Boa belongs to Squamata order and Boidae family. Boa is found in Madagascar, Papua and the Pacific islands. The remarkable feature of this giant snake is its color. "Boa constrictors are pinkish or tan in color, with dark crossbands. They range in length is from 20 inches (50 cm) as neonates to 13 feet (3.9 m) as adults" (Boa 2007). The most colorful snakes are found in Amazon basin. The female are larger than male species. Pythons belong to Pythoninae subfamily, Boidae family. Pythons can be found in the tropics of Africa, Asia, and Australia. Similar to boas their females are larger than males (Mattison 87).
The movement of both giant snakes looks magical. Though they have no legs, snakes can move fast and quite efficiently in all sorts of situations. Their long backbones comprise of between 100 and 400 vertebrae and, with a very special arrangement of muscles, they can adopt several efficient modes of locomotion and, furthermore, can switch virtually instantaneously from one to another. During this elegant side-to-side undulation, each part of the body passes across the same spot on the surface. There is also the concertina-type movement consisting of anchoring one part of the body on the substratum while the rest of it is either pulled or pushed along, clearly an efficient strategy when moving through narrow tunnels. Boas and pythons use the side-winding motion on moderately rugged surfaces, including unstable sand dunes. Pythons "coil themselves around their prey and with each breathe the creature takes the snake will squeeze a little tighter until they stop breathing completely" (Pythons 2007).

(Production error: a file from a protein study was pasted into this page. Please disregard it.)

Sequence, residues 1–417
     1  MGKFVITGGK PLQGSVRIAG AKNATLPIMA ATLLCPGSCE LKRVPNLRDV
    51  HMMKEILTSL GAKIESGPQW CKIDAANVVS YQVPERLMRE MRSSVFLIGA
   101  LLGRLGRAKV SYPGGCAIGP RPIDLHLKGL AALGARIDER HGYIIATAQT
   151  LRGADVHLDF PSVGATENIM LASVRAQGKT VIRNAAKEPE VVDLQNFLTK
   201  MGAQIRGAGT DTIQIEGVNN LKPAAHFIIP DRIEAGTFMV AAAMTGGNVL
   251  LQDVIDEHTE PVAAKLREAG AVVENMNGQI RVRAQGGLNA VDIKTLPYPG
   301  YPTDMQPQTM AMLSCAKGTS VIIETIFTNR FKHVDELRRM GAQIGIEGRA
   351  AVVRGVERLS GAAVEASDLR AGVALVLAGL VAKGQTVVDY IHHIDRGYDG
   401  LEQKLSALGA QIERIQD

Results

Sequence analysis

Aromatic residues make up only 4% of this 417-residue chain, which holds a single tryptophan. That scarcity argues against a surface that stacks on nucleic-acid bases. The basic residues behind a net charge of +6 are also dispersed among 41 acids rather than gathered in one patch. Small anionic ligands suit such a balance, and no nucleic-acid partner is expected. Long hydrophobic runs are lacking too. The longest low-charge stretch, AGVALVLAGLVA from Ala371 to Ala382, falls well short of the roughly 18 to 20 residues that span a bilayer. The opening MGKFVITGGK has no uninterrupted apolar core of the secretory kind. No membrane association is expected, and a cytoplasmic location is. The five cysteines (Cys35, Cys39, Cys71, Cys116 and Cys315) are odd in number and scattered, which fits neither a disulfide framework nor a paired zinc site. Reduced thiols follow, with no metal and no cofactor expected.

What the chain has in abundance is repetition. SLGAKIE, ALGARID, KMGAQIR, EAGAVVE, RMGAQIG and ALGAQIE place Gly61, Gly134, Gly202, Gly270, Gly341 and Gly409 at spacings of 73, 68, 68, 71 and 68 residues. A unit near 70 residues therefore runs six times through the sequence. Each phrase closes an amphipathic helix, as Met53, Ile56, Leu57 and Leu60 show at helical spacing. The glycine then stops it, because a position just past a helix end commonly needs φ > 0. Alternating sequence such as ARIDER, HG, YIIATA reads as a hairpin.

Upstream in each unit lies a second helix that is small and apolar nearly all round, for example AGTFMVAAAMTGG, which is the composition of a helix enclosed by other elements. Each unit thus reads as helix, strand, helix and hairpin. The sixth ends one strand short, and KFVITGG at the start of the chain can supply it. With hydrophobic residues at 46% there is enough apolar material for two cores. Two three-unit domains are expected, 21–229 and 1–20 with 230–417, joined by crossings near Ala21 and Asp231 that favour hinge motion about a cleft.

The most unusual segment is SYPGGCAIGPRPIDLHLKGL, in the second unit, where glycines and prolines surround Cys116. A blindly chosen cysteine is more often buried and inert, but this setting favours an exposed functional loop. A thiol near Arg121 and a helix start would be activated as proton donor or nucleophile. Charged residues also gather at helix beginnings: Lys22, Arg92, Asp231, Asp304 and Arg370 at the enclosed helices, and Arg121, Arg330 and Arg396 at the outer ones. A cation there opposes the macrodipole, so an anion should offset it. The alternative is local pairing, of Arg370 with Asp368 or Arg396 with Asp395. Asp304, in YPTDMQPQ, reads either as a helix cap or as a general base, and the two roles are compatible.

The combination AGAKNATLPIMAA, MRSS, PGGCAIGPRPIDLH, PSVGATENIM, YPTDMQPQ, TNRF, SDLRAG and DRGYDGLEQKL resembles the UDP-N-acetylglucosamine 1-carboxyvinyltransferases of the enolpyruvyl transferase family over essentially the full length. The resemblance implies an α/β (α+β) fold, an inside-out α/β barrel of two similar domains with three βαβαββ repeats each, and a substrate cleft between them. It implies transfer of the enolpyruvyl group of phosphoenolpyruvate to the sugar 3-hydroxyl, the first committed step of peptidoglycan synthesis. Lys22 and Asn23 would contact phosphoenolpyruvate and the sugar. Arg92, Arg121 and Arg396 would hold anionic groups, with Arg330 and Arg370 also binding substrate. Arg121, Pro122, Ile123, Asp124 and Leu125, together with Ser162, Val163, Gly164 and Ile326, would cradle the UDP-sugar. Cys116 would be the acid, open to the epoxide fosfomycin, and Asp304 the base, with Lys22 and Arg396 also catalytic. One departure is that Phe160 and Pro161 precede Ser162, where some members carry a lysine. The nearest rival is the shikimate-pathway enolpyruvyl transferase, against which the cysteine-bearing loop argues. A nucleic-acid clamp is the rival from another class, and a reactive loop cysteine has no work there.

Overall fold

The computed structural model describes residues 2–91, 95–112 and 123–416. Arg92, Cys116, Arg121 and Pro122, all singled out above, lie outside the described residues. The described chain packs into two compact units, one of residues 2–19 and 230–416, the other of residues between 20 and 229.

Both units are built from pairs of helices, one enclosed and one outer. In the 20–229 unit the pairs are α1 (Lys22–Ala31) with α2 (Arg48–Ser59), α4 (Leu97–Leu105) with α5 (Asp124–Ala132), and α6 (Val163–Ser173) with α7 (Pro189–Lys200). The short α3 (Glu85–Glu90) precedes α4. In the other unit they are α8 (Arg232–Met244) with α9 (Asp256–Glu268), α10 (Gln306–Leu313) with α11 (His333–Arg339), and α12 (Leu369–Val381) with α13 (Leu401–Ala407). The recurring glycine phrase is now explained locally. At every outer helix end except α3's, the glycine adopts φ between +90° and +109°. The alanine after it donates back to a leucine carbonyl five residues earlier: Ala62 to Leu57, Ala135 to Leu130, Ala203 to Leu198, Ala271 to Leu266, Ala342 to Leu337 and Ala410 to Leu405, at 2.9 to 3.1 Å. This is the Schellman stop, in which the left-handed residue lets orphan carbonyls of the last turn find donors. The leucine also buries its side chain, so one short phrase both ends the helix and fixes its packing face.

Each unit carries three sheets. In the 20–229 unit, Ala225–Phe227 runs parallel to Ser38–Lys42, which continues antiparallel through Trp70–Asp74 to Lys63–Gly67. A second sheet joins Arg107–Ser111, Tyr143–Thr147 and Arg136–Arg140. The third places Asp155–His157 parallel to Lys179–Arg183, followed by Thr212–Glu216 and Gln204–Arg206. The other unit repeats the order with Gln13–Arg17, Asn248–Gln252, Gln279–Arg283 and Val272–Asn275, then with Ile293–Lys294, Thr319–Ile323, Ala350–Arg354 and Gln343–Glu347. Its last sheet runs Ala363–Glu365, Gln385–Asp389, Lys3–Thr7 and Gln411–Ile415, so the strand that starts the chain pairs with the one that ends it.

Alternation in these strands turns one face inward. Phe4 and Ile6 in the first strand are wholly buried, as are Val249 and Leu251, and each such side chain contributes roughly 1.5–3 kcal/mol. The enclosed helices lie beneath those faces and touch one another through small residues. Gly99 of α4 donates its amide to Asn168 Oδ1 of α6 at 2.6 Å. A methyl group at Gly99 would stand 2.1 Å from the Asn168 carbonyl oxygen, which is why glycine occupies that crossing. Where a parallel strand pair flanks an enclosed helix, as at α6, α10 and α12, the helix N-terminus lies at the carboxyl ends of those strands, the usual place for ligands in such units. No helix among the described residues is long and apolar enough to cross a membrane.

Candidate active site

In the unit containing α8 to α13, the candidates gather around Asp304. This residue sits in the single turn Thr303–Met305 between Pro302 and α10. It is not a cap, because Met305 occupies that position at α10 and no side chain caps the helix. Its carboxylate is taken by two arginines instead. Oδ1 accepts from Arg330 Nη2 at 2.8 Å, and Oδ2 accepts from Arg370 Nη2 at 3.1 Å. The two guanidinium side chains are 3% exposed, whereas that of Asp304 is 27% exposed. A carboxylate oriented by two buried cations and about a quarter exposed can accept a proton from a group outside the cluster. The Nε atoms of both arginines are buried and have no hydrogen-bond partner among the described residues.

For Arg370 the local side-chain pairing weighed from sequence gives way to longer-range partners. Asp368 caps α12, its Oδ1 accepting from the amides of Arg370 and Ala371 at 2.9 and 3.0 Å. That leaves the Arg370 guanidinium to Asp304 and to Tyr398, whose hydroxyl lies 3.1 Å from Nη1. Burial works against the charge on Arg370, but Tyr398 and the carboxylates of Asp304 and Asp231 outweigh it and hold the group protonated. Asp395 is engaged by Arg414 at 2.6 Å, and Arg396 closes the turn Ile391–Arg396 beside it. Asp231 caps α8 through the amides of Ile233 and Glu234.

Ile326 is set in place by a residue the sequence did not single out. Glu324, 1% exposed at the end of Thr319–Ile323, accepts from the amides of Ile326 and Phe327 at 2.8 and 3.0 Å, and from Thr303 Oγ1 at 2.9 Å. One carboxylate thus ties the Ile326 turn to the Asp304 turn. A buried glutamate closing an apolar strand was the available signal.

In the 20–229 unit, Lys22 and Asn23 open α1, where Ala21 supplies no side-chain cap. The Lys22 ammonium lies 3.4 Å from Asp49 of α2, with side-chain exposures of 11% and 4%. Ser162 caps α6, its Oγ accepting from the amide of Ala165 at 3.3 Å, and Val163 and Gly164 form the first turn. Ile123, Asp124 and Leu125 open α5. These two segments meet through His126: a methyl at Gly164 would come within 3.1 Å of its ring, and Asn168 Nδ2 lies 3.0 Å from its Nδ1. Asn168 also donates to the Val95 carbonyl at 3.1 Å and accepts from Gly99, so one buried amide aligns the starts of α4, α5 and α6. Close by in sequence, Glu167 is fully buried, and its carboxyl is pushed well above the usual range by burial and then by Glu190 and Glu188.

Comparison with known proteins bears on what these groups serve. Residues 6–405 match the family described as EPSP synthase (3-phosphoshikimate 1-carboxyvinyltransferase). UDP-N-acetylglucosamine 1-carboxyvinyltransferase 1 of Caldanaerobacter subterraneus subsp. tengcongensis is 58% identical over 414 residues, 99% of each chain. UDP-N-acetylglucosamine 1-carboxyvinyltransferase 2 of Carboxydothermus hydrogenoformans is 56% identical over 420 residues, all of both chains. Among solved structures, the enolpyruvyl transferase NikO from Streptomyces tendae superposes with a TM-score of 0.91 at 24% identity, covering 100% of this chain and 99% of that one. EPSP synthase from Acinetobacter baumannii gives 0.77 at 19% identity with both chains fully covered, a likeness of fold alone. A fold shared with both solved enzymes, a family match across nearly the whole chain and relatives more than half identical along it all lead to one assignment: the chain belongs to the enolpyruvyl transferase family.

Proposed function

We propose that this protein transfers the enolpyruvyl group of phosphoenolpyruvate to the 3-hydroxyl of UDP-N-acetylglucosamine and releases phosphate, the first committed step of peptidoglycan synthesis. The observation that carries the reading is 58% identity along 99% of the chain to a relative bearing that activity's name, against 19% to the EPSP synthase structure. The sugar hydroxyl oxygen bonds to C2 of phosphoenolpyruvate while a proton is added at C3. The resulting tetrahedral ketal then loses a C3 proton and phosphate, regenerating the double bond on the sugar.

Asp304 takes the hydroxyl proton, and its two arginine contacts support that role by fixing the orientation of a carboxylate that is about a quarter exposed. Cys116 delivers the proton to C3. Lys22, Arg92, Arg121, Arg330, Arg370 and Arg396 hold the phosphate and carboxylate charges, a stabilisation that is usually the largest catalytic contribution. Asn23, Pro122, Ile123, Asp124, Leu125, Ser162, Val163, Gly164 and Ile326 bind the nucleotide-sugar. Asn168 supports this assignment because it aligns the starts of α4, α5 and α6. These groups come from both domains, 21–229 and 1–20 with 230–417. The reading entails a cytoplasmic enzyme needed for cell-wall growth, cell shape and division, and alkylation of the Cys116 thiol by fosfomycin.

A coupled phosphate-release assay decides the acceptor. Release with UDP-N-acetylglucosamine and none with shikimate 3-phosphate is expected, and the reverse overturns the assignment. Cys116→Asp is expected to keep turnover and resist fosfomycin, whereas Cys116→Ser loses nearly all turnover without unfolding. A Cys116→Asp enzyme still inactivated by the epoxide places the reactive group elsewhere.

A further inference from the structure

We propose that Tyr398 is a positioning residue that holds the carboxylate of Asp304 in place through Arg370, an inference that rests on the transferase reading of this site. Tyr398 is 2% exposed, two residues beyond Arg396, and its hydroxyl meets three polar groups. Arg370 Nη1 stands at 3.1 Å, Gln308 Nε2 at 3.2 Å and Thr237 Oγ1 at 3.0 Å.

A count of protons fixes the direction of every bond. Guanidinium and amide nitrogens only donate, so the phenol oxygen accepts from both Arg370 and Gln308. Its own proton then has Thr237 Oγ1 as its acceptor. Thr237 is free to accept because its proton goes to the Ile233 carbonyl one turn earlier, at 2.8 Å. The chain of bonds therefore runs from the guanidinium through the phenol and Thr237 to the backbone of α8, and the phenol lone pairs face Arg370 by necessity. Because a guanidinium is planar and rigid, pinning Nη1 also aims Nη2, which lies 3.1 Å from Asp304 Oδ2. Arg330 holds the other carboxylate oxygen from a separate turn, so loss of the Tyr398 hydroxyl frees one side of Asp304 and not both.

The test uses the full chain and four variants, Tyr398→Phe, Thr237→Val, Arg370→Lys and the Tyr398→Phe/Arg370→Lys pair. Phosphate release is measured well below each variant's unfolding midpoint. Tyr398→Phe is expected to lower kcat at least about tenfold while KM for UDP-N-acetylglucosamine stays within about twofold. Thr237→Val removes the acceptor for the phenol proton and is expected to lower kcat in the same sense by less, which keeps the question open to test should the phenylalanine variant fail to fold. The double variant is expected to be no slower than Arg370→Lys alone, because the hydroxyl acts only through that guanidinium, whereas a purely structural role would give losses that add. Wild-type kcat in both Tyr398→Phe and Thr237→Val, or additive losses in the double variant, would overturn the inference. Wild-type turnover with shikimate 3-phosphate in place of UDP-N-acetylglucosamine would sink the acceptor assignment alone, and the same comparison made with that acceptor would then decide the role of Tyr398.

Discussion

Diet and Reproducing
Pythons and boas can survive without food during a year. "Boa feeds on large lizards, small or moderate-sized birds, opossums, bats, mongooses, rats, and squirrels. It is a nocturnal hunter and uses its heat-sensitive scales to locate its prey" (Boa 2007). The main difference between boa and python is that pythons lay eggs while boas produce living boas. The female Python protects her eggs by coiling round them, and at this time her temperature rises several degrees, probably to promote hatching.
Body Temperature and Vision
Their body temperature depends on the environment, so they are said to be ectothermic. They regulate their body temperature by exploiting various behavioral attitudes such as warming themselves in the sun. Boas and pythons even seek warmth at night and, in tropical regions, they often rest on tracks which have accumulated heat during the day. In excessive heat, as in some deserts, they cool themselves by burrowing into the sand, leaving their eyes just above the ground (Mattison 2007). They are also able to adjust their body temperature by living nocturnally or diurnally or, in cold conditions, by hibernating in deep holes. Boas and pythons have classical senses: sight, smell, touch, probably taste (as suggested by the presence of taste buds in some snakes but not demonstrated in all) and hearing. With no movable eyelids, protection for their eyes is provided by a fixed transparent shield which is shed together with the whole skin during sloughing. Though vision in